I found myself hung up in the tall weeds yesterday. The path, so clear when I started, turned into a tangle of twisted, thorny, vines. Struggle as I might, I could not make any headway. I would just shake off the ones holding my legs and others would grab may arms; free my arms and something snagged my waist. The harder I pushed the more frustrated I became. Then, when things seemed to have gotten about as bad as they were going to get, it started raining. For long time I pushed on, making very little headway, trying to find a path to the left or to the right that offered a way forward. In the end, I simply had to go back to the point from which I started down this death march and admit I had failed.
What I just described was not some nature hike or adventure trail gone wrong. It was in fact just a training session on our Lipizzaner, Jupiter, and we were working in a perfectly manicured arena. The tangles I refer to so colorfully in the previous paragraph existed only in my mind, but their effect was no less than if they had been real. However, in one way my allegory above is seriously lacking; it fails to include the fact that all the while I was struggling, Jupiter was struggling as much or more, and all of it was my fault.
I had set up some Working Equitation elements I knew I need to work on with several of our horses, if I ever wanted to compete in this activity at a level I would be satisfied with. While the training I have given the ‘Warhorses’ has proven quite adequate for the Medieval Gaming competitions we take part in, Working Equitation requires a different and in several ways, more advanced level of training. To wit, I decided to work Jupiter on collected cantering on small circles and lead changes. What happened instead was, I found I couldn’t even get him to take his left lead reliably from a simple canter depart, nor could I get him to relax and bend while cantering. Needless to say, our ‘small’ circles were not and collection was impossible.
What went wrong? Jupiter has become one of my favorite horses to ride and in the last several months has made great strides forward as a warhorse, so obviously he should be able to handle a simple figure eight at the canter, in 15′ circles, right? Had I prepared him for this with months of collected cantering on larger circles? Well no, not as such. Had I helped him learn to elevate his shoulders and bring his hind under to lift himself? Sure, on a straight or gradual curves. Was he remotely ready to accomplish my goals? Did I set him up to succeed? Perhaps not, but he has been doing so well lately I just assumed… What an idiot. What I did manage to do was make him so tense that he couldn’t even accomplish things he does well.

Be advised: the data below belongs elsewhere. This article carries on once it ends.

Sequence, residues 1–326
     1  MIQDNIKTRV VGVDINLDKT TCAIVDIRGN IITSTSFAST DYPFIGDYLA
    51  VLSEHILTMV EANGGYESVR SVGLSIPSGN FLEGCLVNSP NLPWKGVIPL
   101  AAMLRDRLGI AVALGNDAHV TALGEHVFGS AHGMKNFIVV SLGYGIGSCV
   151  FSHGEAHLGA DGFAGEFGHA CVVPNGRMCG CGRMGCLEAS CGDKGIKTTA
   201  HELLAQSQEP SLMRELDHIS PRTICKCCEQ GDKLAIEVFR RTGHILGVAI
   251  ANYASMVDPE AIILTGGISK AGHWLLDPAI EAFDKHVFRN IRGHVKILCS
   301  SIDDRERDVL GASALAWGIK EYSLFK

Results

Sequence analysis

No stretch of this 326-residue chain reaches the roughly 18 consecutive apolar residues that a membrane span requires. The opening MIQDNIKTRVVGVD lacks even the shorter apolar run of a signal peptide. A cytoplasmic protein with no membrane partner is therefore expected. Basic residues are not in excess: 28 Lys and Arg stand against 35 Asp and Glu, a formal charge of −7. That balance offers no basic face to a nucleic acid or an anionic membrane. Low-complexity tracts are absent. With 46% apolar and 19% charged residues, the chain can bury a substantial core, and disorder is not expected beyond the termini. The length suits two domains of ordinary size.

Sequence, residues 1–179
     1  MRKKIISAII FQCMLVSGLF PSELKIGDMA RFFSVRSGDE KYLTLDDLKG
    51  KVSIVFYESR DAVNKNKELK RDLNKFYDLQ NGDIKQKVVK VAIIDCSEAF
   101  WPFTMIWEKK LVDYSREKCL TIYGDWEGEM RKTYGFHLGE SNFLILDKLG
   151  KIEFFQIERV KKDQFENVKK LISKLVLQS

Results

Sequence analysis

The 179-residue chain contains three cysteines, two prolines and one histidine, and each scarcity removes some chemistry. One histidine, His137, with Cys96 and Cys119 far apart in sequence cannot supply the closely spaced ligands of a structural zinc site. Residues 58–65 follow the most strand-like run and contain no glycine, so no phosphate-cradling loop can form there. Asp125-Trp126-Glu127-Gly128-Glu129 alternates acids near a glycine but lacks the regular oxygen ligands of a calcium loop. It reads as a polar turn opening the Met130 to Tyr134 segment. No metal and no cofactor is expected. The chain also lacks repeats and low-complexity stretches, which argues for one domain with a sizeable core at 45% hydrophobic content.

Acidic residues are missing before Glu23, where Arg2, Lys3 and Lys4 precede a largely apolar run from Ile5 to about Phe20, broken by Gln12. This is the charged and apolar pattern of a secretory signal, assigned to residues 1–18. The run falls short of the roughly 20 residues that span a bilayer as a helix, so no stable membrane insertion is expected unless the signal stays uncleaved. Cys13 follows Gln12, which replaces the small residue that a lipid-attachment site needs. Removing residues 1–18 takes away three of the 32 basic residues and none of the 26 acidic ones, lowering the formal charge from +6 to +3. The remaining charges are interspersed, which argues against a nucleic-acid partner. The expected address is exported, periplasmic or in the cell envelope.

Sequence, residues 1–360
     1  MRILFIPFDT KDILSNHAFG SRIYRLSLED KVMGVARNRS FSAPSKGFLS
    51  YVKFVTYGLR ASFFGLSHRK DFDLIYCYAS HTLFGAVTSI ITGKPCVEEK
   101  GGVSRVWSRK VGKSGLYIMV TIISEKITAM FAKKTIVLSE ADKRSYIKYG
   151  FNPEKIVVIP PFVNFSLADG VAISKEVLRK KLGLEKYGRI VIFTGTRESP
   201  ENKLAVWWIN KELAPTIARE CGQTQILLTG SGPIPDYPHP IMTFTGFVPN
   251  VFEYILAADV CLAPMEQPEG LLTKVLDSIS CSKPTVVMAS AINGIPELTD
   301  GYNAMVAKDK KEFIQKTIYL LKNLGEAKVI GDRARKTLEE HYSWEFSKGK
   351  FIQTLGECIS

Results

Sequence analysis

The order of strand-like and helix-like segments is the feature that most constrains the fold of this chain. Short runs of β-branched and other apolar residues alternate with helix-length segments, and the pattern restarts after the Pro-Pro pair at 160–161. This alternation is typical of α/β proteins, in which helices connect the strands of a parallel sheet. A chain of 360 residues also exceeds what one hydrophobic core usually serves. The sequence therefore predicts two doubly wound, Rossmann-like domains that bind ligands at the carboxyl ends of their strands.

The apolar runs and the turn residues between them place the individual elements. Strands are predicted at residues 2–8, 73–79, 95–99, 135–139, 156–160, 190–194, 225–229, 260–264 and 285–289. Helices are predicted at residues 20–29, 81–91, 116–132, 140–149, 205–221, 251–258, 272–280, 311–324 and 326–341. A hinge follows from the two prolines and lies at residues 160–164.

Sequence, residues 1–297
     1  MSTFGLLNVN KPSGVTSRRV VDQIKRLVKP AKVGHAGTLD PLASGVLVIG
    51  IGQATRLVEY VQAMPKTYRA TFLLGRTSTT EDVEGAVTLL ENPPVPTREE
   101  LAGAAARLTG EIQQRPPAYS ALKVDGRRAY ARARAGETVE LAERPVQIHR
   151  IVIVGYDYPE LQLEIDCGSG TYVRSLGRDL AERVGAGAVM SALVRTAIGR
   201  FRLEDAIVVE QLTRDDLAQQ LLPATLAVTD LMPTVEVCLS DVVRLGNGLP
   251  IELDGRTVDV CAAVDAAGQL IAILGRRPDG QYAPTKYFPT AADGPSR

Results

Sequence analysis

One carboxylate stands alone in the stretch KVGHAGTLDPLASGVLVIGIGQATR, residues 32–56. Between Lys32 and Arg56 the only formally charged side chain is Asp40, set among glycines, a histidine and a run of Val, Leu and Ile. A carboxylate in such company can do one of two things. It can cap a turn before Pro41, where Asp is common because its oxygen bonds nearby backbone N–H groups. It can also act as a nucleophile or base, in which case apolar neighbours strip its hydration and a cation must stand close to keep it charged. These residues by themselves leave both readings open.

Now I was not abusive; I was not rough on him; I did not hurt him. His discomfort was all in my frustration with him, which he is well aware of and being a sensitive creature, he is upset by this. But that, in and of itself, was inexcusable; I know better than that. How can I call myself a classical trainer if I allow myself to fall victim to the main obstacles to good horsemanship; Excess Ambition, Expectation, Frustration, Embarrassment and Tunnel Vision. There are a couple rays of sunshine about this experience; Jupiter handled it, for the greatest part, with aplomb, and I can see now what I did wrong. In the earlier days of my riding I would have blamed it all on the horse and accused him of simply misbehaving, usually phrased as “HE had a bad day.” In fact I did say that on Facebook when I got home yesterday but a few minutes later revised to “WE had a bad day.” Upon reflection at 3:00am this morning I am now revising it again, “I had a bad day.” Not a terrible day, but bad.
So how should I have handled yesterday? How does one get out of the brambles once one has found themselves there? Stop trying to move forward; stop even trying to turn left or right; just stop. Trace your steps all the way back out of the mess you have gotten yourself into. Then, look honestly at where you’re trying to go and decide how much further back you still have to go to have any chance of finding the right path. Will this delay your journey? Probably not when you think how far you were able to go on this path before you were stopped cold. A quote from J.R.R. Tolkien’s Lord of the Rings sums it up well, “Shortcuts make for long delays.” When you find yourself in the long weeds, stop, go back, and look for a better path.
For Jupiter and me, this means returning to flexibility and suppleness work and collection conditioning. It will take as long as it takes and if he is not ready to perform at the level I would like by the time we find ourselves on the Working Equitation course, then I will just have to accept that.
Yes, our training time with our horses is finite, but pushing thing too fast robs us of the experience of the partnership. So which is more important: the destination, or the journey?